The corporate server room continues to be a dynamic place, according to the results of a recent NetAdmin survey. We asked TechRepublic members about the network operating systems they were running and the hardware they were using. The results show that Windows is ubiquitous, but other operating systems are holding firm, while Linux continues to gain ground. It also appears as though a couple of newer hardware technologies aren't making much headway yet.
Pieces of the NOS pie
It won't come as a surprise to most IT professionals that Microsoft Windows servers have become a fixture on nearly every network. As you can see in Figure A, almost 97 percent of respondents reported that their networks include Windows servers.
The next most widely used NOS is UNIX, with about 42 percent of IT pros reporting that their networks have UNIX servers (Figure B).
UNIX's cousin, Linux, is not far behind, at 37.6 percent (Figure C).
The remaining major NOS player, NetWare, has a place on 28.6 percent of networks (Figure D).
UNIX and NetWare are technologies that have been around for a long time, and although they once played a much more prominent role in many networks, the results above show that they still have their place. Another technology that fits into that category is the mainframe. As Figure E shows, mainframes still own a spot on 19.5 percent of networks.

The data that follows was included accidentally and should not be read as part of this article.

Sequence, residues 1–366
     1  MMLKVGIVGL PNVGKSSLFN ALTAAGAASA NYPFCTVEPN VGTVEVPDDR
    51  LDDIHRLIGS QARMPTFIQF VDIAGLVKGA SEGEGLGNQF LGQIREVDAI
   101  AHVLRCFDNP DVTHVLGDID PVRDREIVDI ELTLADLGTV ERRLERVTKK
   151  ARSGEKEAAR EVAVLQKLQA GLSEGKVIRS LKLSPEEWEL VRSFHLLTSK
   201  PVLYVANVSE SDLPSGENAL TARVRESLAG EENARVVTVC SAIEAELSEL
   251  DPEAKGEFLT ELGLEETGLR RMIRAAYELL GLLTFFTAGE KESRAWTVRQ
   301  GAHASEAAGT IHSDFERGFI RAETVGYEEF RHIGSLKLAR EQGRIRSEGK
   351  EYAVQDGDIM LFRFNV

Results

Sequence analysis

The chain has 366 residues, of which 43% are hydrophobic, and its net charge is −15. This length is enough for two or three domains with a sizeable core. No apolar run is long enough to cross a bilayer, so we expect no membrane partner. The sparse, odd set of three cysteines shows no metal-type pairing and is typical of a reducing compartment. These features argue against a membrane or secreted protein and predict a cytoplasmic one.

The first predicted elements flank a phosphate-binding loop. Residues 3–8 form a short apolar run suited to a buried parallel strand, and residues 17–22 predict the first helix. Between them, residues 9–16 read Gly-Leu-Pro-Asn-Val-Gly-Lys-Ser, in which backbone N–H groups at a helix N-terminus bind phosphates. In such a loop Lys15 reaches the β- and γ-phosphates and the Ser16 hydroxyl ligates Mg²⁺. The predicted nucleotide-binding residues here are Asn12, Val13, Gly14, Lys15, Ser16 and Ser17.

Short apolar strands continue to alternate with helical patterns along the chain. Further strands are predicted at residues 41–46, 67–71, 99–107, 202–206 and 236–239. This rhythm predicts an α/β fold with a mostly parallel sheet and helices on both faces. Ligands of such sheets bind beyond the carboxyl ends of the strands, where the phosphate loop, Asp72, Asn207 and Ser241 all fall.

A few years ago, hardware designers made a clever move that took advantage of the decreasing footprint of hardware—they started making mass market servers that could easily be turned sideways and mounted on racks. This improved both server management and space utilization. The trend has clearly been embraced by many IT departments. As Figure F shows, almost 70 percent of those IT professionals surveyed said that their networks included rack-based servers.
Some vendors have extended the rack server concept to create blade servers, which can essentially fit as many as 24 servers into a 3U compartment on a rack—about the same amount of space consumed by a standard Intel-based rack server just five years ago. However, our survey showed that only a small percentage of IT departments have actually embraced blade servers at this point (Figure G).
We also asked about another new server technology, Itanium servers. Although the move to these 64-bit servers has tremendous potential, especially for processor-intensive database functions, our survey showed that few networks include these cutting edge systems (Figure H).
This survey showed—yet again—that IT departments tend to stick with what works and are slow movers when it comes to new technologies. Overall, UNIX and NetWare continue to hold some territory, while Windows servers now have a spot in virtually every server room. In addition, rack based servers are becoming a standard, while Itanium and blade servers have yet to make much impact despite their merits.